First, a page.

• St. Vincent’s House, Galveston, TX. Since Hurricane Ike devastated Galveston in 2008, the need for food for residents has become especially critical. Since the hurricane, there are no more family grocery stores – let alone any major grocery stores – within a 23 block radius to the bayside of St. Vincent’s on the east, and a 37 block radius south and west. Since August, 2011, St. Vincent’s has served nearly 4,000 clients from its food pantry, with an extra 150 people every month being added to its roles of needy.
  • El Buen Samaritano Episcopal Mission, Austin, TX. This ministry of the Episcopal Diocese of Texas helps Austin's Latino families in need. The food pantry stocks perishable and non-perishable foods and clients receive staples such as milk, bread and rice, as well as canned, frozen and fresh produce, and a variety of ethnic foods. Along with food, clients get nutritional guidance and education, healthy recipes and educational materials.
  • St. James' Episcopal Food Bank, Brewster, WA. Brewster is considered a food desert because of its rural location and the extreme level of poverty of its residents. The food bank operates from the basement of St. James' church. Food is distributed to the needy once a week on Thursday mornings.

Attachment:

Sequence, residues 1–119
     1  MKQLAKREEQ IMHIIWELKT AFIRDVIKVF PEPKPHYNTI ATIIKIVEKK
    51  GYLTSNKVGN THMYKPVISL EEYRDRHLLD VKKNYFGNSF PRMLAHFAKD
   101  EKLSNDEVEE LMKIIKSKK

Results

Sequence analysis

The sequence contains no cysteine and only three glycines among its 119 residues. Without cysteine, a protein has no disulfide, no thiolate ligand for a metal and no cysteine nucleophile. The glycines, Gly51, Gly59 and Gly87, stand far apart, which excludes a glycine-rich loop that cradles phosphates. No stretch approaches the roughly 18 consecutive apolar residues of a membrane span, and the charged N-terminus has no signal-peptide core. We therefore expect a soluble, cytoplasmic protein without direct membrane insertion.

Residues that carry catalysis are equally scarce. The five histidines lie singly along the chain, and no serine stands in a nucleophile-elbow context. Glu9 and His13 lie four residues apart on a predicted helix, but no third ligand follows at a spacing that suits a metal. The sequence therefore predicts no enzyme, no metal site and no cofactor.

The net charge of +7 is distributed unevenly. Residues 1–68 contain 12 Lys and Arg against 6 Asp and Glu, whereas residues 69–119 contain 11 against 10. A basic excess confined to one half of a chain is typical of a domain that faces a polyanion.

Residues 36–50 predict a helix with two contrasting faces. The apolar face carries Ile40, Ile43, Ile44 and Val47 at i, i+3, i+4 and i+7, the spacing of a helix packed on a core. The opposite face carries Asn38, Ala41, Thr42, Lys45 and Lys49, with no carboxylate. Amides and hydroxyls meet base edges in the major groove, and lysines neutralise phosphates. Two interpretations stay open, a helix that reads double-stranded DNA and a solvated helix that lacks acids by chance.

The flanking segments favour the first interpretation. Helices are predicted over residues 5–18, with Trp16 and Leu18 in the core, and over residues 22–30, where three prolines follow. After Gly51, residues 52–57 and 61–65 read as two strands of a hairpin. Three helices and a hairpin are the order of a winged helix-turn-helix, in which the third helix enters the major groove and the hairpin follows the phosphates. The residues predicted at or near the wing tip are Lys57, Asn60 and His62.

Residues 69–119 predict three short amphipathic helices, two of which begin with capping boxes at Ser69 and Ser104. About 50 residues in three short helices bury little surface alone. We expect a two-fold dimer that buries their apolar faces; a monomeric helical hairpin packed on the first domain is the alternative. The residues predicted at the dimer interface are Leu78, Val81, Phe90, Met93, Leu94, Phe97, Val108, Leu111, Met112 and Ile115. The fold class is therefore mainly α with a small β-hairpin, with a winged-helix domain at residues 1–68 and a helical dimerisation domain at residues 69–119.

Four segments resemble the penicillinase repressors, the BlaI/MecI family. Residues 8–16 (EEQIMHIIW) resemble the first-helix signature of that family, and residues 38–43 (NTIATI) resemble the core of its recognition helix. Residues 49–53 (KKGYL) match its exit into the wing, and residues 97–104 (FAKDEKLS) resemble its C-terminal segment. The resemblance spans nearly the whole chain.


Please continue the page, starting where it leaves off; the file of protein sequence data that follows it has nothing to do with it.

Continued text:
• St. Giles’ Emergency food pantry, Pinellas Park, FL. A social safety net in the community for 34 years, St. Giles’ pantry is an oasis open four days a week, providing food for the homeless and those in need. Special attention is given to providing “easy access” packaging, as the homeless often have limited resoures for food preparation. The grant will be used to expand basic provisions, and the church has a goal of opening the pantry on Sundays as well.

--The Rev. Rebecca Jones is a deacon and serves as the Diocesan Jubilee Officer in the Diocese of Colorado.